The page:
It is no secret that houseplants brighten up a home, purify the air, and boost your mood. But sometimes, despite our best efforts, our beloved plants struggle to grow or even die. There are a few common reasons why this may happen. Let’s take a closer look at each of the reasons why your houseplants may be struggling:
1. Lack of sufficient light
Houseplants often suffer when they do not receive enough light. While the amount of light required varies by species, all plants need some level of light to photosynthesize.
When a plant fails to receive enough light, it starts to stretch out, searching for a light source. This results in leggy, spindly growth that is weak and vulnerable to breakage. In extreme cases, a plant may stop growing altogether.
In addition to affecting the plant’s physical appearance, insufficient light can also reduce the level of chlorophyll in the leaves, making them yellow or pale. If you want your houseplants to thrive, ensure they get enough light.
2. Too much or too little water
Houseplants require a delicate balance of water to stay healthy and thrive. Too little water will cause the plant to wilt and the leaves to turn yellow or brown. This is because the plant cannot uptake the necessary moisture from the soil to support its growth.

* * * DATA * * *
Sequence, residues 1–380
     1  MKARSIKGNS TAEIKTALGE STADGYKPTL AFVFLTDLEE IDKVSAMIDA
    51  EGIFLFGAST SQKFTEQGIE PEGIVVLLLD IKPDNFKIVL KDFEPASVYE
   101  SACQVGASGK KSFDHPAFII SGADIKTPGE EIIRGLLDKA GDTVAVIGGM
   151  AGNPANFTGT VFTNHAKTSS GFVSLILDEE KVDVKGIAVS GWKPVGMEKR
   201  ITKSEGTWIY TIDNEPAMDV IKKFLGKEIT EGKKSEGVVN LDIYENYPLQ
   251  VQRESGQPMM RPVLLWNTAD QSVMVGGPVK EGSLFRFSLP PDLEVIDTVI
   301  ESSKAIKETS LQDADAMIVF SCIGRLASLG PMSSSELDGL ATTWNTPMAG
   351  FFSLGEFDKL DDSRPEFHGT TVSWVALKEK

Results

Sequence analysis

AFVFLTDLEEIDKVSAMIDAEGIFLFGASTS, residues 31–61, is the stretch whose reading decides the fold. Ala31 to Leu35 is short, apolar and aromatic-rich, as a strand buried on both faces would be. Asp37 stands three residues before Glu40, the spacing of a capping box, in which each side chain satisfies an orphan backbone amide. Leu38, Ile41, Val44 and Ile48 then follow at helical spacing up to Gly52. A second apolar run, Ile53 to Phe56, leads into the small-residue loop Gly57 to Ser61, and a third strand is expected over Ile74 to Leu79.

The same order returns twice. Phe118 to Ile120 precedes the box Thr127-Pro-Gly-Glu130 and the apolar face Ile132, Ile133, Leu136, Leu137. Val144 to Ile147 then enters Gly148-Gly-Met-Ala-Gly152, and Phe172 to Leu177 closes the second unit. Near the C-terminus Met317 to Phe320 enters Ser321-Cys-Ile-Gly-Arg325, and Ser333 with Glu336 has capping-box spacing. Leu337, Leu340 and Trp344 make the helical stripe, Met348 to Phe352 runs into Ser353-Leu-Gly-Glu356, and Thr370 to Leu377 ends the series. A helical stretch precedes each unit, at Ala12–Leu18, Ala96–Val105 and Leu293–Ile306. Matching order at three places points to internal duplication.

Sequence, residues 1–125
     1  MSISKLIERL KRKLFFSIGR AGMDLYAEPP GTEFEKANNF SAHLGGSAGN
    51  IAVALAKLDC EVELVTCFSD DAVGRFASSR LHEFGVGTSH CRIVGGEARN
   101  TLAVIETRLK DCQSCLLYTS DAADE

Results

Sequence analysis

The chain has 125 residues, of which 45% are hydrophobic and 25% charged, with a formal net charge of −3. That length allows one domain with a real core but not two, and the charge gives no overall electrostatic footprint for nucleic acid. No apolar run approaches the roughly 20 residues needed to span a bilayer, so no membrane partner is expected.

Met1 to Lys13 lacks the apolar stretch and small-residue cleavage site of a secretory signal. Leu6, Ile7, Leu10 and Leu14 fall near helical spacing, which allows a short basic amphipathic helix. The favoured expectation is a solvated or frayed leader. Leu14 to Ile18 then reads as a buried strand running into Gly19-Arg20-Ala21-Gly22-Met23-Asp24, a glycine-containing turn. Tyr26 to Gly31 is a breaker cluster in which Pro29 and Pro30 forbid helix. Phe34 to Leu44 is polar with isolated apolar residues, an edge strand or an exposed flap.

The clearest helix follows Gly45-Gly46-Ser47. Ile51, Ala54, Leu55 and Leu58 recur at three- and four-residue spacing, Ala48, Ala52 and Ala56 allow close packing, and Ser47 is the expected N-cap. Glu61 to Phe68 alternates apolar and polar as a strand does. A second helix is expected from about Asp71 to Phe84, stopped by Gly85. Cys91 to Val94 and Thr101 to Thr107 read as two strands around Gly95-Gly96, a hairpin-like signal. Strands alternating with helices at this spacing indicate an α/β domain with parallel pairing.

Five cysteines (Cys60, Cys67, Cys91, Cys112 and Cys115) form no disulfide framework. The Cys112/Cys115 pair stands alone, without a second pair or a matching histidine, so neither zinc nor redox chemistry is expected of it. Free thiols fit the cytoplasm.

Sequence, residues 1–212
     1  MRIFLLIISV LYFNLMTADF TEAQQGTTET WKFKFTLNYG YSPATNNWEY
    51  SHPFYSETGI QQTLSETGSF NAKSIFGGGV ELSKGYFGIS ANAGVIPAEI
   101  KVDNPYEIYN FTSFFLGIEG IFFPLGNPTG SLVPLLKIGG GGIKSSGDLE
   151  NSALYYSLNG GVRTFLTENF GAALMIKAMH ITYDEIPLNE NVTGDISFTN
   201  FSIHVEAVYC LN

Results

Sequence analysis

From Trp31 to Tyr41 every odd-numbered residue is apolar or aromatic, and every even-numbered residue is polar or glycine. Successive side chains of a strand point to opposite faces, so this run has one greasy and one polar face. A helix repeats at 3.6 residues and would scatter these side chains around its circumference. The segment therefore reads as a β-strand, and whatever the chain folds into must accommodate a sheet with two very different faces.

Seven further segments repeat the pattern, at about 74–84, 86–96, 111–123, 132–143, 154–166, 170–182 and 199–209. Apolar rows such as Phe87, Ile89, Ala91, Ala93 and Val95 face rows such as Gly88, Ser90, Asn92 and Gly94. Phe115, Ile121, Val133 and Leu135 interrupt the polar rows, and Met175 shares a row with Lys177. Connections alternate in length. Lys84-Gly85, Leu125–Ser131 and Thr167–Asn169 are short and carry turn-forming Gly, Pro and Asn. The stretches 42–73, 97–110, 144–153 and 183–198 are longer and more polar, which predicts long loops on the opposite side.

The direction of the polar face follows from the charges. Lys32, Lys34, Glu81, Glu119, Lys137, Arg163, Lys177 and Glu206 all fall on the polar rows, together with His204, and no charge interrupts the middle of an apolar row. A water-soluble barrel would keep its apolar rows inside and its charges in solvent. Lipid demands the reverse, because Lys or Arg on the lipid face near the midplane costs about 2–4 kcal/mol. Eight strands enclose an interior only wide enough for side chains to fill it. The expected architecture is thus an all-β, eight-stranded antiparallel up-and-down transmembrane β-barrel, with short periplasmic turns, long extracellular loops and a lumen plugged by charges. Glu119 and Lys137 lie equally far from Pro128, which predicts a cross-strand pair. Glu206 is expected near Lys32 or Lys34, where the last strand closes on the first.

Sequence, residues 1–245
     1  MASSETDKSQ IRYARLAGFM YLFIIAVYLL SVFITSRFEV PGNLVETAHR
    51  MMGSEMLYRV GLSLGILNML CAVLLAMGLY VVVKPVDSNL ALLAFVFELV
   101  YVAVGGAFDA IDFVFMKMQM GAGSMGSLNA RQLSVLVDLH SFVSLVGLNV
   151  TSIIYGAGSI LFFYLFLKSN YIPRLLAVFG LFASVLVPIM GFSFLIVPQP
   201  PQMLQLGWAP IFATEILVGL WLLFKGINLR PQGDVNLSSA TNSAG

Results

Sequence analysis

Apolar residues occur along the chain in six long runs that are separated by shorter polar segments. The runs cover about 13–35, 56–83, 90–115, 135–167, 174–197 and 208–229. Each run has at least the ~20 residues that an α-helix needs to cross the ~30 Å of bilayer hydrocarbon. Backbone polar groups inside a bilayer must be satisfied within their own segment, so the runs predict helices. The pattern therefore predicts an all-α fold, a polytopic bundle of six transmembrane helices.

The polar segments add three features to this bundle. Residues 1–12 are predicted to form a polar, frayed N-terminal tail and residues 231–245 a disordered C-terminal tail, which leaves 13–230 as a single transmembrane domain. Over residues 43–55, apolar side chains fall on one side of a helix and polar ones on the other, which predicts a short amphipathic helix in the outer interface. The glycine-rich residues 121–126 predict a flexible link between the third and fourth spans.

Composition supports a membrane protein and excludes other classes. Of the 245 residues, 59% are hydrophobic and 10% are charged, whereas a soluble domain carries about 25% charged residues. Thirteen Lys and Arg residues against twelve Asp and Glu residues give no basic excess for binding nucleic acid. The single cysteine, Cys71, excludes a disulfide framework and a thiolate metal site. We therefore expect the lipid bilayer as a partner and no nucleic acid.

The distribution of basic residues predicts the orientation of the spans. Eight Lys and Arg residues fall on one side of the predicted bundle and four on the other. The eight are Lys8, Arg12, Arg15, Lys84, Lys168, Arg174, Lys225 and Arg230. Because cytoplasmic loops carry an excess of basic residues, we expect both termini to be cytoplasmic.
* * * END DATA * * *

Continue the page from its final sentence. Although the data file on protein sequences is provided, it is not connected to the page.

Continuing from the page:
On the other hand, too much water can drown the plant, causing the roots to rot. This robs the plant of the oxygen it needs to respire and can lead to fungal growth. Overwatering can also cause yellowing leaves as a result of nutrient deficiencies.
Therefore, it is critical to monitor your houseplants’ watering needs carefully and adjust accordingly. You can help them reach their full potential and enjoy a long, healthy life by giving them just the right amount of water.
3. Poor soil or potting mix quality
One of the most critical factors in growing healthy houseplants is the soil or potting mix quality.
Poor quality soil makes it very difficult for plants to thrive, as it lacks essential nutrients or drainage. Compacted soil can also cause problems because it prevents roots from getting the oxygen they need to stay healthy.
If you think your soil or potting mix might be of poor quality, there are some simple tests you can do to check.
First, try squeezing a handful of soil – if it forms a clump that doesn’t break apart easily, it’s probably too compacted.
Second, test the pH level – most houseplants prefer a pH between 6 and 7. If your soil falls outside this range, it may be difficult for plants to absorb nutrients.
Finally, consider doing a nutrient test to see if your soil is lacking in any essential minerals. If your soil is poor quality, there are some things you can do to improve it. For instance, add organic matter like compost or peat moss to help improve drainage and increase nutrient levels.
You can also loosen compacted soil by adding sand or perlite.
4. Over- or under-fertilization
Over-fertilization and under-fertilization are both common problems when it comes to caring for houseplants. Both can lead to stunted growth, yellowing leaves, and other issues.